‘Can’t be Shanghai’
The policy makers’dreams to make Mumbai another Shanghai may remain unfulfilled, reports Yogesh Joshi.mumbai Updated: Dec 05, 2009 01:12 IST
The policy makers’dreams to make Mumbai another Shanghai may remain unfulfilled.
The present infrastructure and little attempt by the government to improve it, has drawn criticism from Council on Tall Buildings and Urban Habitat (CTBUH), an international non-profit organisation.
Antony Wood, CTBUH’s executive director, said that Indian cities were on the path to greater urbanisation, and to cope up with this, critical decisions about infrastructure of cities like Mumbai ought to have been taken some 30-40 years ago.
Asked if Mumbai has the potential to be the next Shanghai, Wood replied in the negative.
“With its present infrastructure and future plans, the city cannot become Shanghai as even the Chinese city has its own problems,” Wood said.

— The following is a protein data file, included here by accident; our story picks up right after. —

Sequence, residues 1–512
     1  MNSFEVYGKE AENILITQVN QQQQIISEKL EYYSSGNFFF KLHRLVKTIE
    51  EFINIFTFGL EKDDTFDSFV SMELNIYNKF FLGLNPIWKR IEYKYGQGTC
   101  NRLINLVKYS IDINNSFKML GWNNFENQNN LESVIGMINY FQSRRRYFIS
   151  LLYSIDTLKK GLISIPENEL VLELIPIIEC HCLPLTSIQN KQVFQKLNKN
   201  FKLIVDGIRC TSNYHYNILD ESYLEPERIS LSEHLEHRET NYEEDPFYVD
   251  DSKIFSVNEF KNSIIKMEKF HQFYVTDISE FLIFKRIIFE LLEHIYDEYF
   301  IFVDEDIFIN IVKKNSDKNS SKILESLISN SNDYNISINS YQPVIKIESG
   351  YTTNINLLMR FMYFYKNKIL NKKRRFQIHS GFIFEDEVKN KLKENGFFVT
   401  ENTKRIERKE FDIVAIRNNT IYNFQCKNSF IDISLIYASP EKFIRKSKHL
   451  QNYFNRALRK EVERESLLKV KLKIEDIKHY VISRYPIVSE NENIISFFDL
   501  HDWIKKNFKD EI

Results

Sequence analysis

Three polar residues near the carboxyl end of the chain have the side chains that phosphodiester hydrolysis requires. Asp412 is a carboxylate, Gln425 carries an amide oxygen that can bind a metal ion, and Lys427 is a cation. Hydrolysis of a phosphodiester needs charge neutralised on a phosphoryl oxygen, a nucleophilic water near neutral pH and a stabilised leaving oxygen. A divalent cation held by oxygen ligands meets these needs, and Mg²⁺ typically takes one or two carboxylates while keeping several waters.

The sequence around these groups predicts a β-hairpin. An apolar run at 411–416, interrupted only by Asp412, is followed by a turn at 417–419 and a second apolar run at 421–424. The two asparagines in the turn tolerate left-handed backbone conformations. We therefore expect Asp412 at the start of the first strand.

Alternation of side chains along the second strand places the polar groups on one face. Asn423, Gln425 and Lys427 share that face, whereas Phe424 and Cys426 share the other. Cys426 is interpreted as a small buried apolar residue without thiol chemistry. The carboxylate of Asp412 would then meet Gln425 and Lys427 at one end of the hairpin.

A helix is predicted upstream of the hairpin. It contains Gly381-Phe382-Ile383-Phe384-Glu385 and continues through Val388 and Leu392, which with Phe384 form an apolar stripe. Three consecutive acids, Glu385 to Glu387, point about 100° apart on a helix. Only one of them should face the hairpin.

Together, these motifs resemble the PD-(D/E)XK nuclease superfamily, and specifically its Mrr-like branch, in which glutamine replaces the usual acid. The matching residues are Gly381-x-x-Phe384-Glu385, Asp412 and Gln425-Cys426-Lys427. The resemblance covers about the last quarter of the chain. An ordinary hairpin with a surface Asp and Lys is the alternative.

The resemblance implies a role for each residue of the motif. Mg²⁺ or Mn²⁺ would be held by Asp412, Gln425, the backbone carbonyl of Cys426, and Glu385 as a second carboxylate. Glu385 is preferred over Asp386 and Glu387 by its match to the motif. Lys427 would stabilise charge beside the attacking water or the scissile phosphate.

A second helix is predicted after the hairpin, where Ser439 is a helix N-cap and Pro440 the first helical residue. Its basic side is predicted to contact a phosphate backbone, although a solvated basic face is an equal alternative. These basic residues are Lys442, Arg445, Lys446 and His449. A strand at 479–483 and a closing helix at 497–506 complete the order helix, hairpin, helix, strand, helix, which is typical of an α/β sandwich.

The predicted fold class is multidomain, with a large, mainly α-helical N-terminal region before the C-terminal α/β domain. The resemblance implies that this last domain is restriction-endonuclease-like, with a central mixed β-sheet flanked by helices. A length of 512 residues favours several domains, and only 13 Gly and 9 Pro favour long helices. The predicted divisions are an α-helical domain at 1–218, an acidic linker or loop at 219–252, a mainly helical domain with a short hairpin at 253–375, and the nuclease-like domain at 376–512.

He insisted that high-rise buildings in India could be based on local conditions instead of copying other countries, especially the western world.
“The government has to make a policy for tall structures. But with no facilities like fire-fighting, the authorities lack confidence to define policy on such structures".
Drawing attention towards the large number of shanties in Mumbai, Wood said: “Almost 50 per cent of the city’s population lives in slums and there is no further work being done to enhance public transport.”
According to CTBUH, Mumbai is 25th tallest city – based on high-rises – in the world with 118 tall buildings measuring over 100m.
Mumbai is the only Indian city that finds mention in the list of high rises prepared by CTBUH.
To focus on various infrastructure issues, the Illinois-based CTBUH plans to hold a world conference — India Remaking Sustainable Cities in the Vertical Age — in Mumbai between February 3 and 5, 2010.
The organisation has 3,87,584 members including architects, engineers, developers, building owners and urban planners.
The conference in Mumbai will see over 700 delegates and around 50 global speakers.
The CTBUH is also the arbiter of the criterion upon which high rise buildings are measured, including determining the tallest buildings in the world.